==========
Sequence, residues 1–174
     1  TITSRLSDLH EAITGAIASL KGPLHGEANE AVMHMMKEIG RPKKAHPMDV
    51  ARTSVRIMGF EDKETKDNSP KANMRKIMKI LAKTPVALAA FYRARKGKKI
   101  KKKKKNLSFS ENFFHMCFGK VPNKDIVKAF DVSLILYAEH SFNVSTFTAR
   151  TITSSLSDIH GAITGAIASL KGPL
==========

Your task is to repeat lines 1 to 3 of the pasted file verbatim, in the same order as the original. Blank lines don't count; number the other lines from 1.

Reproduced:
Sequence, residues 1–174
     1  TITSRLSDLH EAITGAIASL KGPLHGEANE AVMHMMKEIG RPKKAHPMDV
    51  ARTSVRIMGF EDKETKDNSP KANMRKIMKI LAKTPVALAA FYRARKGKKI